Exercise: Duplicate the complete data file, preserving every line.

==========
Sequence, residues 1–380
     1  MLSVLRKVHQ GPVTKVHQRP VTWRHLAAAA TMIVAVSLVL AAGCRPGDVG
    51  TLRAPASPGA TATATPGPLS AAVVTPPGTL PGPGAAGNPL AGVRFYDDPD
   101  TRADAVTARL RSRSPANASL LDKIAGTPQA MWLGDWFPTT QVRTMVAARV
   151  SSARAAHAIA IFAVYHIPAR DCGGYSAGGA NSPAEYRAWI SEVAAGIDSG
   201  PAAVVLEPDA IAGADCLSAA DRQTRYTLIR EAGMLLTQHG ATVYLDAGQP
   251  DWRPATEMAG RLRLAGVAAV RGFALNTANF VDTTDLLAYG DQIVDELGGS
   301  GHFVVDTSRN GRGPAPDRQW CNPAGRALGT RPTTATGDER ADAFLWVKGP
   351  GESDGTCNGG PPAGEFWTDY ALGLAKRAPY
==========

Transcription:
Sequence, residues 1–380
     1  MLSVLRKVHQ GPVTKVHQRP VTWRHLAAAA TMIVAVSLVL AAGCRPGDVG
    51  TLRAPASPGA TATATPGPLS AAVVTPPGTL PGPGAAGNPL AGVRFYDDPD
   101  TRADAVTARL RSRSPANASL LDKIAGTPQA MWLGDWFPTT QVRTMVAARV
   151  SSARAAHAIA IFAVYHIPAR DCGGYSAGGA NSPAEYRAWI SEVAAGIDSG
   201  PAAVVLEPDA IAGADCLSAA DRQTRYTLIR EAGMLLTQHG ATVYLDAGQP
   251  DWRPATEMAG RLRLAGVAAV RGFALNTANF VDTTDLLAYG DQIVDELGGS
   301  GHFVVDTSRN GRGPAPDRQW CNPAGRALGT RPTTATGDER ADAFLWVKGP
   351  GESDGTCNGG PPAGEFWTDY ALGLAKRAPY